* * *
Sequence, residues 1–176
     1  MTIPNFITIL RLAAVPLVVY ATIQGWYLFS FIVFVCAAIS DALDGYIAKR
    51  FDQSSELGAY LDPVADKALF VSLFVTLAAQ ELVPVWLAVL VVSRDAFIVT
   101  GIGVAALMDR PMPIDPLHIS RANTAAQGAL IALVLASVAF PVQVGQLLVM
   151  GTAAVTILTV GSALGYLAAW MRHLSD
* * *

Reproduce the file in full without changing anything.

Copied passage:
Sequence, residues 1–176
     1  MTIPNFITIL RLAAVPLVVY ATIQGWYLFS FIVFVCAAIS DALDGYIAKR
    51  FDQSSELGAY LDPVADKALF VSLFVTLAAQ ELVPVWLAVL VVSRDAFIVT
   101  GIGVAALMDR PMPIDPLHIS RANTAAQGAL IALVLASVAF PVQVGQLLVM
   151  GTAAVTILTV GSALGYLAAW MRHLSD